Stainless Steels are broadly divided into four types:
There is a fifth specialist type Precipitation Hardening Steels.
Molecular Structure of Steel
The fundamental difference between them is their crystaline structure. Steel is an alloy of iron and carbon. At normal temeperatures the atomic structure is that of a cube with an atom of steel at each corner and a single atom in the centre of that cube.
This is known as "ferritic" and, is by the way, magnetic.
When heated to about 900o C the structure changes and each face has an atom at its centre. This is the austenitic structure and is non-magnetic.
When ordinary steel cools down gradually it reverts to a ferritic structure. If you cool it fast, it will adopt another structure with the carbon atoms being arranged in one direction. This is martensitic steel and in its "as quenched" condition is hard but brittle and generally requires further treatment before it can be used.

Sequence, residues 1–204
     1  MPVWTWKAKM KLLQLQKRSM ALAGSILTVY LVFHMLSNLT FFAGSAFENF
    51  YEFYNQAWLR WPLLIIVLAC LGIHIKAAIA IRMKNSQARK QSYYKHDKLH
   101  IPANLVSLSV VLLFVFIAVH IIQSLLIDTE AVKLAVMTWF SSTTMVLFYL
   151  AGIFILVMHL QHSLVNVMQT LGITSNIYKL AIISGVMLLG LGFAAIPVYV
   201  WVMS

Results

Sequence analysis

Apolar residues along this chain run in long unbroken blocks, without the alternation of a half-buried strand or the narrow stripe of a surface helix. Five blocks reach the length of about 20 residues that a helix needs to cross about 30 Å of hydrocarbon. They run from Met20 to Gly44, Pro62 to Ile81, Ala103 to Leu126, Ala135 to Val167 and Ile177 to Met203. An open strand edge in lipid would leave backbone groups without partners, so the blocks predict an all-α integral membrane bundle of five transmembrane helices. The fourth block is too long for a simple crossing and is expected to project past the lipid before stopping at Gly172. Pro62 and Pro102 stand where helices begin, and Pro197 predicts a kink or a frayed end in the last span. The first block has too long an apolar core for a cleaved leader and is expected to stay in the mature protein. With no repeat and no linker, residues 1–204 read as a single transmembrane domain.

By adding elements such as nickel, manganese and copper which favour the Austenitic structure the steel will retain its austenitic structure at normal temperature.
Austenitic steels are generally non magnetic but cold working can induce a degree of magnetism. They have good formability and weldability, as well as excellent toughness, particularly at low or cryogenic temperatures. Austenitic grades also have a low yield stress and relatively high tensile strength.
While austenitic steels are more expensive than ferritic stainless steels, they are generally more durable and corrosion resistant than other types.
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